Archive for the ‘identity theft’ category

North Korea Hackers Hit US Companies

October 14th, 2017

FireEye researchers recently mentioned that spear phishing emails were sent to U.S. electric companies which can be traced back to North Korea.

The emails contained fake invitations to a fundraiser. Anyone who opened attachment will get malware.

The researchers mentioned that the attack is early-stage reconnaissance.

“Nation-states often conduct cyber espionage operations to gather intelligence and prepare for contingencies, especially at times of high tension,” the researchers wrote.

Two years ago North Korean hackers has released sensitive data on South Korean nuclear power plants.

Researchers mentioned that North Korea linked hackers are bold and “likely remain committed to pursuing targets in the energy sector, especially in South Korea and among the U.S. and its allies, as a means of deterring potential war or sowing disorder during a time of armed conflict.”

“North Korea linked hackers are among the most profilic nation-state threats, targeting not only the U.S. and South Korea but the global financial system and nations worldwide,” the researchers wrote. “Their motivations vary from economic enrichment to traditional espionage to sabotage, but all share the hallmark of an ascendant cyber power willing to violate international norms with little regard for potential blowback.”

Eddie Habibi, CEO of PAS Global mentioned that with the growing tension between US and North Korea the frequency of the attack will rise.

And while critical infrastructure is as prepared as it has ever been for phishing attacks, Habibi said, it’s not well prepared for the consequences of attacks that provide the attackers with “access to the process control networks where you find systems that control volatile processes or ensure worker safety.”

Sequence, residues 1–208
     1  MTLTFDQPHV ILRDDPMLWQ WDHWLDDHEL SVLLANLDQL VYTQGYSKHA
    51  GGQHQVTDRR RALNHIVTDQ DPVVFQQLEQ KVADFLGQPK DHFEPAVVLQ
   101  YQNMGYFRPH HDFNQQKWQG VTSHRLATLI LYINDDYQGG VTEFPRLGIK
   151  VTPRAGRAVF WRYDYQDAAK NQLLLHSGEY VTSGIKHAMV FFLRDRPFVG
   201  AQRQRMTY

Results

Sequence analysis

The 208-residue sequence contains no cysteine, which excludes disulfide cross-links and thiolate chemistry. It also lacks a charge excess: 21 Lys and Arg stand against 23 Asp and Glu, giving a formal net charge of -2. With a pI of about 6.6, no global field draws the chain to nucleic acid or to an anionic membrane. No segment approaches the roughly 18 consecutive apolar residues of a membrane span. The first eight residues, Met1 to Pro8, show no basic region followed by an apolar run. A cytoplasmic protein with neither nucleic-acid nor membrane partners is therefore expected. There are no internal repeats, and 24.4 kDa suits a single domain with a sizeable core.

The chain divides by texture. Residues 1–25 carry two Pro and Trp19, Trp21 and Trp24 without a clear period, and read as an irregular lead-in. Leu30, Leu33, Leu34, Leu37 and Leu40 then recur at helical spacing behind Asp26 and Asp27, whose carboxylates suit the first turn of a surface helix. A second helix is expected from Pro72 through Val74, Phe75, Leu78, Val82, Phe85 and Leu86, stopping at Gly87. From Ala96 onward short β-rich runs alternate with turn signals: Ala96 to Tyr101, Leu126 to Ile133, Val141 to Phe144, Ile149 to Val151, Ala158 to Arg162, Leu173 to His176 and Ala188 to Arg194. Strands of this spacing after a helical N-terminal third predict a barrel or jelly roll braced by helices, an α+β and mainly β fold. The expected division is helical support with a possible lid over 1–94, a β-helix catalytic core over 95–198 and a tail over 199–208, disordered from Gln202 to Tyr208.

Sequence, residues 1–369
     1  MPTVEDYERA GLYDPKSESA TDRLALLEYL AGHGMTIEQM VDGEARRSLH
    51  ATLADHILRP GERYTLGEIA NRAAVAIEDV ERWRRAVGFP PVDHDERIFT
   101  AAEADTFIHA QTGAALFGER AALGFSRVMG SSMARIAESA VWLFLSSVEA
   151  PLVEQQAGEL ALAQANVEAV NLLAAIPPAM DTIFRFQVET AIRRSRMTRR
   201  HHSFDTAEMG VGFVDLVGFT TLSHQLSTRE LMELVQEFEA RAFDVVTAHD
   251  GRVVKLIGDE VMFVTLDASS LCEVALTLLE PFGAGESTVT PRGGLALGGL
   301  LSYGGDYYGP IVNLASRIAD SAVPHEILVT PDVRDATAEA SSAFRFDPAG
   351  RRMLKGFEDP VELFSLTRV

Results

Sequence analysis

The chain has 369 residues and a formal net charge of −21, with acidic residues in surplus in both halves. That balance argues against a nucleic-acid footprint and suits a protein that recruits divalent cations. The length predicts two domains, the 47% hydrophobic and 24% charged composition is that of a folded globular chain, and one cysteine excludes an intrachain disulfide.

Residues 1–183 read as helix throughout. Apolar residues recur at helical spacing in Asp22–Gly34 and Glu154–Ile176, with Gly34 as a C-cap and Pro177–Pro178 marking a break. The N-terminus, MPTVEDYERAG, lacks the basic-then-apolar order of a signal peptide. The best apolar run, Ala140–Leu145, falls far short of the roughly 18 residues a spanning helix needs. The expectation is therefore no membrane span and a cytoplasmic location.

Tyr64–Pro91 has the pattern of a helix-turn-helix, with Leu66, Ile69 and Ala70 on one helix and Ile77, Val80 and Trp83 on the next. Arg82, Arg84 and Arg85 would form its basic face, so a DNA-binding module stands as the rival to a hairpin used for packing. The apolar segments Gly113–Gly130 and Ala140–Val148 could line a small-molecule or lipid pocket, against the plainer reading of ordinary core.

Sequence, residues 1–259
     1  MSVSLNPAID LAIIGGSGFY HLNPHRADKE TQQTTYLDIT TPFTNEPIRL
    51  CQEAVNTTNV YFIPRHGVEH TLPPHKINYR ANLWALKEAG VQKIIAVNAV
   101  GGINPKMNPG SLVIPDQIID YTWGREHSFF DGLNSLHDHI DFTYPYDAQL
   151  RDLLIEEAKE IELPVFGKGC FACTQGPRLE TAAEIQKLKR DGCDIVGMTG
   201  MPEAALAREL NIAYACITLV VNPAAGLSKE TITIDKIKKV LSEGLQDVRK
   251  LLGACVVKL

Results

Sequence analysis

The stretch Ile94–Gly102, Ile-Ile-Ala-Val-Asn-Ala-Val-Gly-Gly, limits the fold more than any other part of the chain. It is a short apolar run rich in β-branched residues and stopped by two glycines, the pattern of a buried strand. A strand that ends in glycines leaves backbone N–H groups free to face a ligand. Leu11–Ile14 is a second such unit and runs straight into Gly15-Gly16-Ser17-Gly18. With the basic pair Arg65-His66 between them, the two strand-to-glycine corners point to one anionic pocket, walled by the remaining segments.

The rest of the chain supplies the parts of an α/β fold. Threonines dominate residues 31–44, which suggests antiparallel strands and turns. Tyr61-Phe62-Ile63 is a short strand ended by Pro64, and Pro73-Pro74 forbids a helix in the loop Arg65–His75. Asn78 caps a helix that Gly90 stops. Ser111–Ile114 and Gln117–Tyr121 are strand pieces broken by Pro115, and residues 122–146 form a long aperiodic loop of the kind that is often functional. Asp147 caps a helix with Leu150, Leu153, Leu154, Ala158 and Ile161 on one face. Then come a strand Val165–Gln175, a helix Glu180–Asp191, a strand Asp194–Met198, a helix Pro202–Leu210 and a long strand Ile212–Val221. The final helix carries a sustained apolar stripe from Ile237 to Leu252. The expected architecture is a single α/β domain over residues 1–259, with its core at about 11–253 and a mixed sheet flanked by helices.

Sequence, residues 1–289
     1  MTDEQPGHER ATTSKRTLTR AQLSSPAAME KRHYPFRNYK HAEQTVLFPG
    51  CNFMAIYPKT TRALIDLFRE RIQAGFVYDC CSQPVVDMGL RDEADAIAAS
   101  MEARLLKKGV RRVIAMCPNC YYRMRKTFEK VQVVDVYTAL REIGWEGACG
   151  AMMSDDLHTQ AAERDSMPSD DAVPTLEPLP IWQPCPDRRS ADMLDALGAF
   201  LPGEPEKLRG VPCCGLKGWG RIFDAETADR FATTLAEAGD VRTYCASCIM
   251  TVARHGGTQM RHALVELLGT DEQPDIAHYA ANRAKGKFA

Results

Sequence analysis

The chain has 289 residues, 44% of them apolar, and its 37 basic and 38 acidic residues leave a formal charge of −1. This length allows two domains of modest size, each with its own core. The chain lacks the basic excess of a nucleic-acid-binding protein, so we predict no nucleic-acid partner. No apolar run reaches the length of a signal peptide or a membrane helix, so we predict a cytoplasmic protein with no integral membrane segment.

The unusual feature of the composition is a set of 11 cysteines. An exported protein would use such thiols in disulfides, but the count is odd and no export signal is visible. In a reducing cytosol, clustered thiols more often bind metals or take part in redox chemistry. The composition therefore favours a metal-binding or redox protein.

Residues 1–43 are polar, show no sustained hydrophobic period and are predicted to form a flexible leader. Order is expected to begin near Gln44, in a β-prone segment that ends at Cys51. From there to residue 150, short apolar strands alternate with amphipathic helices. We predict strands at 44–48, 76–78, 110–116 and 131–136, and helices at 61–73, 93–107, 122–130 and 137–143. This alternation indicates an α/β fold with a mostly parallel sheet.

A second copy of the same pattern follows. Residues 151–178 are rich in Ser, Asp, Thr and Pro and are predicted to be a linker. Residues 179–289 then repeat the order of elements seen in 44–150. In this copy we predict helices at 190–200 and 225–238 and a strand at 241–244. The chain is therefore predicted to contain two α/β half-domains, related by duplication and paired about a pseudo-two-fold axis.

“These systems are often 15 or 20 years old and consequently do not adhere to today’s secure by design principles,” Habibi said. “They are also not visible to security personnel, which makes detecting and reacting sufficiently to compromise difficult at best. Exploiting these systems can lead to loss of production, shareholder value, and even life under certain circumstances.”

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AlertSec ACCESS is a patent pending technology. It is designed to enforce that devices are encrypted before access to a network is granted. Encrypted devices secure your data in case a device is lost or stolen. AlertSec ACCESS checks all computers and smartphones and detects all encryption types.

North Korean Hackers

October 11th, 2017

South Korean ruling party lawmaker Lee Cheol-hee said that North Korean hackers have stole 235 GB of data from South Korea’s Defense Integrated Data Center which includes operational plans created by Seoul and Washington for all-out war with North Korea.

The data includes plans for “decapitating” the North Korean leadership if war breaks out. It also includes contingency plan.

“The Ministry of National Defense has yet to find out about the content of 182 GB of the total [stolen] data,” he said.